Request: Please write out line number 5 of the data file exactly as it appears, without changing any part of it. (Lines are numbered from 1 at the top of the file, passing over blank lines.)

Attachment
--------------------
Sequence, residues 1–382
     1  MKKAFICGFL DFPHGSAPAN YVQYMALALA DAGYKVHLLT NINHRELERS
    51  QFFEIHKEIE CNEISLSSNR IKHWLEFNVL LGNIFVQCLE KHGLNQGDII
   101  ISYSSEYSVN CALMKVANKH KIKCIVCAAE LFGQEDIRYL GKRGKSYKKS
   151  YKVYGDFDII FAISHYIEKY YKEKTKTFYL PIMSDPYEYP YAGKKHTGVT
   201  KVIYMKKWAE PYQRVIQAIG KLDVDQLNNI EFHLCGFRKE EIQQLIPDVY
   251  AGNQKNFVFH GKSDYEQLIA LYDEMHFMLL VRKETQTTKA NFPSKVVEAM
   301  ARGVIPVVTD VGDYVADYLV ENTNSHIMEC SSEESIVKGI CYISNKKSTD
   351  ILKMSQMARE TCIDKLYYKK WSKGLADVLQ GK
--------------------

   151  YKVYGDFDII FAISHYIEKY YKEKTKTFYL PIMSDPYEYP YAGKKHTGVT